Animations and Simulation software
So-called animation programs are often compared to silux.
Animation programs are programs that illustrate the movements
of a machine, possibly in a very realistic way. These presentations
are produced in that the user of the program can pre-program
the movements of individual objects. The user could for example
say which spatial path an object should follow and how it
should turn itself along this path. There are also more refined
animation programs where a number of so-called joints can
also be taken into account so that even relatively complex
mechanical movements can be shown and recorded. There are
also programs that allow for the inclusion of pseudo-physical
movements so that the individual movements of the object are
animated such that they seem to be continuously accelerating
However, none of the programs of this class have anything
to do with silux because with these programs it is always
the user that determines how each detail specifically and
how the machine as a whole moves. No physics at all are involved
in this process. All current film industry programs operate
by these methods. In the film "The Making of Jurassic
Park", it was mentioned that it took the programmers
of the crucial scenes up to several months until the movements
of a dinosaur looked real, that is, until one got the impression
that this was really how a dinosaur moved. With these methods,
everything works according to the following principle: try
and try again until it looks real.
Programs that have been developed at the institutes of technical
universities, universities for applied sciences or other universities
form another class of simulation tools. Mostly these programs
spring from the results of Ph.D. or undergraduate theses of
groups of students. Programs that have been developed by individual
companies for their own needs also fall into this category.
Common to all of these programs is the fact that they are
generally not developed into marketable products. These programs
are often created for the solution of concrete tasks and as
soon as these tasks have been solved, there is no incentive
or no funding and time to fully develop a generally useful
product. It is generally known that a program that is between
20 and 30% complete fulfils its purpose as a laboratory model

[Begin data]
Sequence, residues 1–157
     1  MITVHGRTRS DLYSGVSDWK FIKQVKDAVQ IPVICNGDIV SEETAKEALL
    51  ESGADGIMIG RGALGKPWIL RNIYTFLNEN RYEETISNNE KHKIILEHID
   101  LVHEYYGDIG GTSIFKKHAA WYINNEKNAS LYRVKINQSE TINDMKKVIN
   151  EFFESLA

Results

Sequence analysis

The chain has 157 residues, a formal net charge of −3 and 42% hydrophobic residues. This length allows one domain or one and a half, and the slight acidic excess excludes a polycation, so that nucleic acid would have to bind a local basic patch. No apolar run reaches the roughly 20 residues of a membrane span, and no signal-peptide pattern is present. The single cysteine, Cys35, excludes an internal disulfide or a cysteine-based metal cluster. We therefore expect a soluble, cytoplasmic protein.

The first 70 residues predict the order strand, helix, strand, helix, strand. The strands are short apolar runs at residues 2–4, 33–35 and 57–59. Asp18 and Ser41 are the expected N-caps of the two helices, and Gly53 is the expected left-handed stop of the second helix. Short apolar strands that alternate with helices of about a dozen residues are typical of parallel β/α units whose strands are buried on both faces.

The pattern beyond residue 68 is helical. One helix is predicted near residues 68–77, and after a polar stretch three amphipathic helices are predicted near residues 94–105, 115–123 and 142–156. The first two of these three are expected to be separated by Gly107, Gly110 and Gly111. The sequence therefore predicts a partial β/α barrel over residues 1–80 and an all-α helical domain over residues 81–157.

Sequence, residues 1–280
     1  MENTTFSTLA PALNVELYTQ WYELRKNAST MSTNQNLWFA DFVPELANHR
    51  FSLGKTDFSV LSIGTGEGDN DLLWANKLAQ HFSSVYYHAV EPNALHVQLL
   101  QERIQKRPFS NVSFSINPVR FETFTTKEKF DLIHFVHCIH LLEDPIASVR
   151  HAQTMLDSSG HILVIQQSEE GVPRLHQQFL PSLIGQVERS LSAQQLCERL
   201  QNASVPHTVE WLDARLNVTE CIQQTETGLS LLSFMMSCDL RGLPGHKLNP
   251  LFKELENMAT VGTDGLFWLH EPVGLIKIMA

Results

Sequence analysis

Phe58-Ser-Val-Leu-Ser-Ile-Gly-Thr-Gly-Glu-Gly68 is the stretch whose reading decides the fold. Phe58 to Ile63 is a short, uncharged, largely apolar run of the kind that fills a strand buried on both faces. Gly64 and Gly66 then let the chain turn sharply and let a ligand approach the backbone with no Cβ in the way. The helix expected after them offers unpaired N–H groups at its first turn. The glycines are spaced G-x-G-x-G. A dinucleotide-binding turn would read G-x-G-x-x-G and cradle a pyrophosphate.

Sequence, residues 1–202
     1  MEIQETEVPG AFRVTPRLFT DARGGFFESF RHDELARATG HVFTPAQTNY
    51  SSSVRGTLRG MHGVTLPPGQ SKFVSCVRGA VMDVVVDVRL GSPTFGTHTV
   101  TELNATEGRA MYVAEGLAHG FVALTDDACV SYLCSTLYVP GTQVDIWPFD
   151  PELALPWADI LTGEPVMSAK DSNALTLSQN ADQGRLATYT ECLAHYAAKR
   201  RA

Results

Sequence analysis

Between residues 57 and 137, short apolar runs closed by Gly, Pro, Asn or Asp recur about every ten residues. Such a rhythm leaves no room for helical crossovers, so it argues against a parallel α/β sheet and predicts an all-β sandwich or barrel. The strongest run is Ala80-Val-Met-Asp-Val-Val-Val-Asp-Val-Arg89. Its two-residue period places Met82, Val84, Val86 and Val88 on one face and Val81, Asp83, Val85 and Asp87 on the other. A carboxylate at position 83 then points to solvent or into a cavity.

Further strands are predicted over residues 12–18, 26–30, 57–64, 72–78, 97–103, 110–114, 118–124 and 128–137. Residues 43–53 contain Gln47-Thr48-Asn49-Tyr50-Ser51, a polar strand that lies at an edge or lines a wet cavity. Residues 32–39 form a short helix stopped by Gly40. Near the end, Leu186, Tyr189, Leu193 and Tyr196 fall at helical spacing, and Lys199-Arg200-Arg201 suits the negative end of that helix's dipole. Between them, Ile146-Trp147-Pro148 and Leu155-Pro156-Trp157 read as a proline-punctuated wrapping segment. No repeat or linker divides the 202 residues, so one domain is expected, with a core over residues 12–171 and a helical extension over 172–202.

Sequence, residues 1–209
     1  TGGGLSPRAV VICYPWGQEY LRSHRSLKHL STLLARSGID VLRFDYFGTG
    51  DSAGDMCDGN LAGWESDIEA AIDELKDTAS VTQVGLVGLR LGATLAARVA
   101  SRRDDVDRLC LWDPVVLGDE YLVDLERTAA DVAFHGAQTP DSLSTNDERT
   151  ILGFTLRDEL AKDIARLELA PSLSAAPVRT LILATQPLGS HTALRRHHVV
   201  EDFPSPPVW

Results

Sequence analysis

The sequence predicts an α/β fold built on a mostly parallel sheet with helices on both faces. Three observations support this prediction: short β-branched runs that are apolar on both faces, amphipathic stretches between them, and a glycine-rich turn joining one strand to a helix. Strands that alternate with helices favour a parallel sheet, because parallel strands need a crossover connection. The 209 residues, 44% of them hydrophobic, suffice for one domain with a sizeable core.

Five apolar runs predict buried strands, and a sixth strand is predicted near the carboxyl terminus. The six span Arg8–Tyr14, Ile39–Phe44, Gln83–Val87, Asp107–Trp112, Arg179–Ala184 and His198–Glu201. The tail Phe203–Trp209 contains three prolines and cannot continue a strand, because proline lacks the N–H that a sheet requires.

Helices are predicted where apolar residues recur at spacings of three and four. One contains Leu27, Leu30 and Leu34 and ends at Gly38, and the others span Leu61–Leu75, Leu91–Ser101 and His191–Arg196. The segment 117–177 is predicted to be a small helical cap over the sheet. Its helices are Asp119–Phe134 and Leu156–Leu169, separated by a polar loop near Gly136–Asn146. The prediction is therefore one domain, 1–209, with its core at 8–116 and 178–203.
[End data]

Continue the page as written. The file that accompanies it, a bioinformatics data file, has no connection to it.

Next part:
for the task at hand. After this point however, it is a rocky
and time-consuming path to a marketable program. Most of these
programs also lack the necessary documentation that is naturally
extremely important for a "product".
In summary, one can say that this class of programs does
not represent any marketable products. In
this regard, they do not represent any competition for silux.
Other kinds of simulation programs are programs for certain
very limited tasks. A large number of special simulation programs
for very specific specialized tasks have already been developed.
There is, for example, a program that is used for simulations
relating to track vehicles (Simplex) and one for the dynamic
simulation of the road performance of automobile suspensions.
silux has great chances of breaking into the market even
where these special programs are being used because of its
new approach and its comparatively lower costs, if not free
of charge. silux has furthermore advantages over these specialized
programs because of its uncomplicated and quick operation.
Symbolic Simulation Programs
We will use the program SIMULINK as a representative of this
group. In principle, it has to do with a purely mathematical
simulation program. Similarly to a spreadsheet program, the
user links boxes, formulas and numerical results. This does
not however take place in a table with columns and rows as
with a spreadsheet program: the boxes or cells are linked
as a network. The user can then program each cell with partially
pre-programmed functions as conventionally used in electronics,
electrical engineering or mathematical physics.